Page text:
24 July 2020

Troops help COVID-19 contact tracing efforts in Victoria

Communicable Disease COVID-19 Live blog

Welcome to The Medical Republic‘s COVID Catch-Up.

It’s the day’s COVID-19 news into one convenient post. Got any tips, comments or feedback? Email me at [email protected]

24 July

  • The Australian Defence Force is helping the Victorian health department with contact tracing by visiting the homes of those who have tested positive but cannot be contacted by phone.
    Speaking at a press conference today, Premier Dan Andrews said the partnership with the Australian Defence Force will see around 1400 personnel working with health department officials to door-knock and interview COVID-19-positive individuals for contact tracing. The premier said the aim is to have everyone who has tested positive be contacted within 24 hours of their test result, either by phone or in person. Those individuals who cannot be contacted by telephone after two attempts in two hours will be visited at home in person.
    “We are taking extra steps, making extra efforts to make sure we are contacting each and every one of those positive cases,” the premier said.
    He also thanked most Victorians for adhering to restrictions, and commented that if stage three restrictions had not been enacted, the state would likely be seeing thousands of new cases of COVID-19 each day. Despite the restrictions, six more lives have been lost to COVID-19, all in Victoria and all in aged care homes.
  • Home-made face masks should ideally consist of three layers of fabric, say the authors of a paper comparing the effectiveness of different mask styles in minimising droplet and aerosol dispersion.
    The non-peer-reviewed study, published in Thorax, compared the one-layer t-shirt-fabric masks and two-layer fabric mask pattern shared by the US Centers for Disease Control, with the three-layer standard surgical mask. The authors used LED lighting and a high-speed camera to photograph the dispersal of droplets and aerosols during speaking, coughing and sneezing with each type of mask.
    The study, which involved a single volunteer, found that a single-layer mask was better than nothing, a double-layer mask was better than single, but three layers beat them all. “Guidelines on home-made cloth masks should stipulate multiple layers (at least 3),” they wrote.
  • From TMR’s Francine Crimmins: GPs are just one software update away from being able to issue e-scripts that can be sent via email or text to patients and their carers.
    From today GPs in every state and territory, other the Queensland, have access to the new Bp Premier software Jade Sp3, which enables the generation of e-scripts.
    GPs who want to try out e-scripts for themselves will first have to upgrade their patient management system to a compatible version, and check they are sending patients to pharmacies who are e-script software ready.
    In good news, patients won’t need a fancy smart phone to receive digital script tokens from their GP, all that is required is a mobile device that is capable of receiving a text message.
    Read more about how you can your practice e-script ready here.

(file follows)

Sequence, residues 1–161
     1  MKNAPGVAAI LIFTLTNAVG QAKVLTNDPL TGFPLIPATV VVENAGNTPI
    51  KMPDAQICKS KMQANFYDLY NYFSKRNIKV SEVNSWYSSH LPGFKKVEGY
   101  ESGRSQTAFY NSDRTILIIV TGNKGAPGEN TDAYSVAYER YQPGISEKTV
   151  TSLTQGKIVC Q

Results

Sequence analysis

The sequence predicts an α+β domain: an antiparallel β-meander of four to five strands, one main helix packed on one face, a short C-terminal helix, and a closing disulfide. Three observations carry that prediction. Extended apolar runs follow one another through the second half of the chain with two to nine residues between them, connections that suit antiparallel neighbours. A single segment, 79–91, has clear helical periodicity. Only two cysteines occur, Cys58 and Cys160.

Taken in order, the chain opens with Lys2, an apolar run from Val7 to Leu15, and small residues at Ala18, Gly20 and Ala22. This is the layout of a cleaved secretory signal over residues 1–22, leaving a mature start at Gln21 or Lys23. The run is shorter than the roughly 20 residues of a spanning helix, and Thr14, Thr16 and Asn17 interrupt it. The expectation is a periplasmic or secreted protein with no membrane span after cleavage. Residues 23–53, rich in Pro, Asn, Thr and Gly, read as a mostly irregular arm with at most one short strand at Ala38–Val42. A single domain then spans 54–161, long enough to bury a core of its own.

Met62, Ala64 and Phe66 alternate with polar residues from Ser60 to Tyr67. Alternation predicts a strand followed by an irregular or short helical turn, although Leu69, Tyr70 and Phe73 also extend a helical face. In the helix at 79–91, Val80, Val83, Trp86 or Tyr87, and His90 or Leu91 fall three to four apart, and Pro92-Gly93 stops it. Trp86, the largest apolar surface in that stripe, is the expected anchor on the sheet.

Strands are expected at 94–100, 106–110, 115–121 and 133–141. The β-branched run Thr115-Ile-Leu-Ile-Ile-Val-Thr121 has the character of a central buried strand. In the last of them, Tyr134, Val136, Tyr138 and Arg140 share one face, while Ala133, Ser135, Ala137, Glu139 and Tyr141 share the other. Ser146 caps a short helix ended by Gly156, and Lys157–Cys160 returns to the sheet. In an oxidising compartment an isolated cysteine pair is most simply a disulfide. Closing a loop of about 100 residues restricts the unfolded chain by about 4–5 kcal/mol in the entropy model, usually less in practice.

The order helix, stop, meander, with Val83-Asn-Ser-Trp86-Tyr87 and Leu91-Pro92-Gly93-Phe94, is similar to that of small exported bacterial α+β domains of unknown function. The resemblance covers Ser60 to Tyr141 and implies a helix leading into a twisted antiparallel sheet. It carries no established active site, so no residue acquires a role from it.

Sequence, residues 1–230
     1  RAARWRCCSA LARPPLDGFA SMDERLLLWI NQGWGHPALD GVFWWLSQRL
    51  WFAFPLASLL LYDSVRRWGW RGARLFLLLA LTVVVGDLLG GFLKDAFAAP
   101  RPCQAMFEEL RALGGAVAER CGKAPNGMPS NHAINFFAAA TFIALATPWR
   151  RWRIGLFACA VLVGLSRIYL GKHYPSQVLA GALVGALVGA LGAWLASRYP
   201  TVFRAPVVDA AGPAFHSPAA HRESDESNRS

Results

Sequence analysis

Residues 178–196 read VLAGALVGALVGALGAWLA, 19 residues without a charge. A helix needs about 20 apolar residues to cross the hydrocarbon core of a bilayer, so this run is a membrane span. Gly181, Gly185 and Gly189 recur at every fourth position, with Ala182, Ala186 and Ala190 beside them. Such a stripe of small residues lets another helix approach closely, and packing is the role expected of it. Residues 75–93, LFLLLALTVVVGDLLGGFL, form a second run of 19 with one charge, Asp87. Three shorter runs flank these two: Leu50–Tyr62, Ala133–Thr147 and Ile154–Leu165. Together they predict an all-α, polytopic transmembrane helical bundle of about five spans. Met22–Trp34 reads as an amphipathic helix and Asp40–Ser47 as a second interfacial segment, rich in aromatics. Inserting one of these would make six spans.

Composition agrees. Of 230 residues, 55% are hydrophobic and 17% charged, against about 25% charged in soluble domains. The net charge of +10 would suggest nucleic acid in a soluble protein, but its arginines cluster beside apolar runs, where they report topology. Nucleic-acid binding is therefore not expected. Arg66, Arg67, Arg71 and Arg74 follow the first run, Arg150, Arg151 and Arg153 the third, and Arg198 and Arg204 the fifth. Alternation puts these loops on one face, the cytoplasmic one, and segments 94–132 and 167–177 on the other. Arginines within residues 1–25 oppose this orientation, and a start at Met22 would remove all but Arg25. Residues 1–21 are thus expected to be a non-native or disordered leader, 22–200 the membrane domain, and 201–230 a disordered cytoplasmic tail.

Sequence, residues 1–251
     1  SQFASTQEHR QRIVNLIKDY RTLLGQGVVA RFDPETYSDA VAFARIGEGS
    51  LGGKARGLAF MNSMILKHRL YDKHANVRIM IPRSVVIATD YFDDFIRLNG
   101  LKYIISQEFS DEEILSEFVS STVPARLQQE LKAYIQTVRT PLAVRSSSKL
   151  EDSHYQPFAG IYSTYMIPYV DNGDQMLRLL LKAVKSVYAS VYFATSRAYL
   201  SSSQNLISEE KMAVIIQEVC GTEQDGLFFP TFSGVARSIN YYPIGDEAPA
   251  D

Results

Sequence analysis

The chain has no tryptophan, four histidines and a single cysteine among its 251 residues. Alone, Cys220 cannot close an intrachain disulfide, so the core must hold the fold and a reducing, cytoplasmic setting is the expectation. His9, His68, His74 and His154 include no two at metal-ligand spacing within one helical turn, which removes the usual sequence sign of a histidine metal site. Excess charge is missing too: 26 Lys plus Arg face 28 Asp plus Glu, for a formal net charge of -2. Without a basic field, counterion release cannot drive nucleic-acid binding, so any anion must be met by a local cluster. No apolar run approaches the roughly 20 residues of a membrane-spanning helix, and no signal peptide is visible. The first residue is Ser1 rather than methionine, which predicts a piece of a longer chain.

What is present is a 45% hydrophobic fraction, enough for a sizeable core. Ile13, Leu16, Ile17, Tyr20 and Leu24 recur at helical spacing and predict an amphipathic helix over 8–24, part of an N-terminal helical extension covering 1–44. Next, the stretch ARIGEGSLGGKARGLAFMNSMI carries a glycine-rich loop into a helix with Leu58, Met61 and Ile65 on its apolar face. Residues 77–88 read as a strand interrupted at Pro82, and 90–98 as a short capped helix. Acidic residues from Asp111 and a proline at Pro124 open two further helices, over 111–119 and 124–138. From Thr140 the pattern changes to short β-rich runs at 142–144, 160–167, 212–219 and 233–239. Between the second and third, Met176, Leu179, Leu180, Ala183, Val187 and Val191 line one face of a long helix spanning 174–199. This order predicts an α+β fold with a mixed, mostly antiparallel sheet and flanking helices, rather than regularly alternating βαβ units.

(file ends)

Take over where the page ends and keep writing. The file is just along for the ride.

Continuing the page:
• It’s being labelled ‘the Anthropause’; a pandemic-related quieting of the seismic noise associated with human activity. In a paper published in Science, researchers have reported up to a 50% decline in higher frequency seismic noise during the COVID-19 pandemic.
    The study compiled seismic noise measurements from 337 citizen seismometer stations around the world – with special mention to a seismometer device called a ‘Raspberry Shake’ – and how changes corresponded to lockdowns.
    For example, a surface station in Brussels recorded a 33% reduction in high-frequency seismic noise after lockdowns were introduced, while the greatest reduction was seen in Sri Lanka, where there was a 50% reduction after lockdown. Large declines were especially seen at schools and universities after lockdowns were introduced.
    “The length and quiescence of this period represents the longest and most coherent global seismic noise reduction in recorded history, highlighting how human activities impact the solid Earth,” the authors wrote.
  • The GISAID – Global Initiative on Sharing All Influenza Data – Initiative now has more than 71,000 SARS-CoV-2 genome sequences in its database, which is enabling the study into the genomic epidemiology of the virus. In WHO’s latest COVID-19 situation report, they noted that thanks to the global sharing of genomic data on SARS-CoV-2, researchers have been able to identify a particular mutation in the virus’s spike protein which may be linked to increased transmissibility
  • The National COVID-19 Clinical Evidence Taskforce supports ‘rooming-in’ of mother and newborns after birth, but mothers with COVID-19 should use infection control – mask and hand hygiene – while infectious.
  • For your Friday afternoon enjoyment, here is US comedian Sarah Cooper’s take on Trump’s rambling description of a cognitive test he apparently aced a few years back. Geriatricians will have a field day with this.

  • NSW Health now requires all health workers in public hospitals and community health settings to wear surgical masks if they are within 1.5 metres of patients. Patients are also asked to wear masks where possible. New case numbers in NSW are slightly lower to 9pm yesterday, with seven new cases recorded. Six are connected to the Thai Rock cluster, and one is unknown as yet.
    The three new cases recorded in Western Australia are all historical cases, while South Australia has one new case in a returned traveller in quarantine.
    Here are the latest confirmed COVID-19 infections around Australia to 9pm Thursday:
    National – 13,306, with 133 deaths and 211 hospitalised.
    ACT – 113
    NSW – 3633
    NT – 31
    QLD – 1074
    SA – 447
    TAS – 229
    VIC – 7125
    WA – 654
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